Can a lawsuit be filed for injury resulting from coumadin prescribed by a doctor?
A medical malpractice lawsuit could be an option, but the
viability of this kind of case will turn on the very specific facts and the
particular treatment scenario that led to the patient’s harm.
As background, Coumadin is a popular anti-coagulant medication
that, like almost all prescription
drugs, comes with some real health risks. It is most often prescribed for
use as an anticoagulant, to prevent thrombosis and abnormal formation and
migration of blood clots.
The correct dosing of Coumadin is complicated by the fact
that it reacts with many other commonly-used medications and even common chemicals
present in certain foods. When Coumadin is paired with such medications and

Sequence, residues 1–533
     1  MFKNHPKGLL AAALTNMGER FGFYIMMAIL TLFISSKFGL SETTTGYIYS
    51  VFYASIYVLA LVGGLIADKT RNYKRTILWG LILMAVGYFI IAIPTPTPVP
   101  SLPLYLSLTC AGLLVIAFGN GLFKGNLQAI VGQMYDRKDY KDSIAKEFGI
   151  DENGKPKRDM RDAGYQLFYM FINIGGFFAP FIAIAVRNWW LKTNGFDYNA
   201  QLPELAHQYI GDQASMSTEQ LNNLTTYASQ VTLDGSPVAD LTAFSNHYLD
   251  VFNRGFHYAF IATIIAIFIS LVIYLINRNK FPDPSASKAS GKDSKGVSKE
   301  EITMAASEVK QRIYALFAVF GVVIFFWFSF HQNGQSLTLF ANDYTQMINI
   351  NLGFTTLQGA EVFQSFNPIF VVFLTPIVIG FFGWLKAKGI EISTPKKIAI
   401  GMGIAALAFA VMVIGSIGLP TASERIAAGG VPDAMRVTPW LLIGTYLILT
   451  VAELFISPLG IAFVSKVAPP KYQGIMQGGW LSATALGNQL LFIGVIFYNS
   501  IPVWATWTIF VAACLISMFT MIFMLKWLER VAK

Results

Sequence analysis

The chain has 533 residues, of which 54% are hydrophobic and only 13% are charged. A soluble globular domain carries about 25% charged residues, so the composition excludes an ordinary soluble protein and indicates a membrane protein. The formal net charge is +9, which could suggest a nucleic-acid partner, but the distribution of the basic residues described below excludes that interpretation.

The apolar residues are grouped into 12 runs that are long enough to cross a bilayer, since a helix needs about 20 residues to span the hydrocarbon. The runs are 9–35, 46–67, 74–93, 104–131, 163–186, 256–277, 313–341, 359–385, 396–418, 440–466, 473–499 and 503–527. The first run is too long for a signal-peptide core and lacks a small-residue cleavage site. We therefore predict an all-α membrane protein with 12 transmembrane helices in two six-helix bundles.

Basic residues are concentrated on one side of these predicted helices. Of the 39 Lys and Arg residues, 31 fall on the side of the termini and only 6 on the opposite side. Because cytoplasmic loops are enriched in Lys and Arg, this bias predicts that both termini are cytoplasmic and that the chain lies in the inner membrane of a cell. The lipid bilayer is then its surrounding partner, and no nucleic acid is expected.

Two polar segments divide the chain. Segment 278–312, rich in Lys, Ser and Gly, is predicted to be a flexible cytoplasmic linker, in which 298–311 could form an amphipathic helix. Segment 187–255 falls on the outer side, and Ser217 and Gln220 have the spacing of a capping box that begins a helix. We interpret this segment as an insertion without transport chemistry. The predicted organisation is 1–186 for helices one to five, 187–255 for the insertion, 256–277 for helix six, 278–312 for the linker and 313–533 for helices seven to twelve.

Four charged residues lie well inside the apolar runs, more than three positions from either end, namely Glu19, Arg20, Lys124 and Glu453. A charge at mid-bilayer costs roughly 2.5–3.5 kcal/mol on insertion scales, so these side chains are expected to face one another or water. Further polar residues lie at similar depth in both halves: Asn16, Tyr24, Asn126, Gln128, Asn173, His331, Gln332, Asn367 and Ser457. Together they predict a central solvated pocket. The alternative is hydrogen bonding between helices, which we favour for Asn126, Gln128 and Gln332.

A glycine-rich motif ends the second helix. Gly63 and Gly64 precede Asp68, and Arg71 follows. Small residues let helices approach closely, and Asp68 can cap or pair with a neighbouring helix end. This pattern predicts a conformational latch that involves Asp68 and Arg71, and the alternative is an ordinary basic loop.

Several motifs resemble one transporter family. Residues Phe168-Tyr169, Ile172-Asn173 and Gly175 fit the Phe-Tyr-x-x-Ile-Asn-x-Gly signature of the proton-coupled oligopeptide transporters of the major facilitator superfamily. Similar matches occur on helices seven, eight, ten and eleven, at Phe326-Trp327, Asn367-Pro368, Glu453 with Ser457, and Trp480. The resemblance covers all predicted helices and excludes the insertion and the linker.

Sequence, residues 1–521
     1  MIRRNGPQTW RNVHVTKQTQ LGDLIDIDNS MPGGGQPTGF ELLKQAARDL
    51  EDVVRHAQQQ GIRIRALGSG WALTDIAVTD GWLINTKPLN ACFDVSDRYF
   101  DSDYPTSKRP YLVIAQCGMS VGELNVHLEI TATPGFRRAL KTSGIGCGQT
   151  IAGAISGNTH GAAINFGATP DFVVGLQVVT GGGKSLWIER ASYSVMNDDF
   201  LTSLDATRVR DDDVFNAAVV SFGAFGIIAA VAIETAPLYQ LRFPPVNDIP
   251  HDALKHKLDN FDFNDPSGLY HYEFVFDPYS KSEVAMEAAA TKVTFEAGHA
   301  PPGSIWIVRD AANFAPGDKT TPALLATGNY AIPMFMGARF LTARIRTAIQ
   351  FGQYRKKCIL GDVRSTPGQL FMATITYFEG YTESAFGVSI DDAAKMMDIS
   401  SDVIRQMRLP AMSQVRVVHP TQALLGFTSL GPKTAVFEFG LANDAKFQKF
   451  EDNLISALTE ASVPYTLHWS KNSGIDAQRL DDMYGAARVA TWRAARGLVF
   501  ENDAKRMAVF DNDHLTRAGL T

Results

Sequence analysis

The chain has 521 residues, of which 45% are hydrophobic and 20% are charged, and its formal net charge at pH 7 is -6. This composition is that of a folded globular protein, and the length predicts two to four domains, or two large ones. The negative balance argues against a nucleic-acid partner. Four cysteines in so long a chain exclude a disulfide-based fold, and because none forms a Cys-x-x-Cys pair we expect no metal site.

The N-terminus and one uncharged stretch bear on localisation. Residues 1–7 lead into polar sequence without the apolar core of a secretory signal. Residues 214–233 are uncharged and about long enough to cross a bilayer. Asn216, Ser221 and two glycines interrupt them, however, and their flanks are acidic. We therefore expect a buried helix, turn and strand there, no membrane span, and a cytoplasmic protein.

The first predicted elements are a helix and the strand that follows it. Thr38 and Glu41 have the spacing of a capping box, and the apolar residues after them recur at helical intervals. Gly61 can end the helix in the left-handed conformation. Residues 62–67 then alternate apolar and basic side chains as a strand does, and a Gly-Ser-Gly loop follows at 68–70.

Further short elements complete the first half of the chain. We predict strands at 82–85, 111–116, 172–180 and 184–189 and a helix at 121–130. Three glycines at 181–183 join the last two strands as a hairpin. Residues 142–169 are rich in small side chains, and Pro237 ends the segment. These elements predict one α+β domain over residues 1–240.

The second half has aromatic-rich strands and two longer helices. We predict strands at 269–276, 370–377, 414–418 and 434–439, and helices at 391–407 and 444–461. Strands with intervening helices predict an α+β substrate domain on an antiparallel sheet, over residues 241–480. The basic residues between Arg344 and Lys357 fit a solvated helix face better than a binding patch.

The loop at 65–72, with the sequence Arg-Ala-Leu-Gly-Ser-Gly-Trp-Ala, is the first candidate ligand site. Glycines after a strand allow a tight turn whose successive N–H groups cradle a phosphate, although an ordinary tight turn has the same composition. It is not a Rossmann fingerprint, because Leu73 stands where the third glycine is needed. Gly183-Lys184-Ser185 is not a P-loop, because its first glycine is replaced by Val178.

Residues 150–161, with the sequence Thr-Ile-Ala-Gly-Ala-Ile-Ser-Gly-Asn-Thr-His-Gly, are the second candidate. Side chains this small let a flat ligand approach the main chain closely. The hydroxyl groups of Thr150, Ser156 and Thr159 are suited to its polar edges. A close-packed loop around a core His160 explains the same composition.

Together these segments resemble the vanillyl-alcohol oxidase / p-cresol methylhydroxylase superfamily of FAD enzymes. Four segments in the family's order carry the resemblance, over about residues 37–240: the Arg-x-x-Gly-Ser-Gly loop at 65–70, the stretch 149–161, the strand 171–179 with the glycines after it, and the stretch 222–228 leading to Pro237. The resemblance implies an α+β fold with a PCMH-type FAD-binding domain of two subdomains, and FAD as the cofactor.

food chemicals, the result can radically enhance or reduce the effect of the
Coumadin, producing dangerous side effects such as severe hemorrhaging, or failure
to prevent clot migration to a vital organ.
Because of the risks associated with Coumadin, health care
professionals are under a legal obligation to properly monitor patients’ use of
the drug. Failure to properly monitor Coumadin use may amount to medical malpractice,
but liability is not an open-and-shut proposition.
As with any medical malpractice case, the key will be
showing that the doctor failed to provide treatment in accordance with the medical
standard of care. In almost every medical malpractice case, establishing
that standard -- and showing exactly how the defendant failed to meet the standard
in treating the patient -- requires the testimony of a qualified expert medical
by: David Goguen, J.D.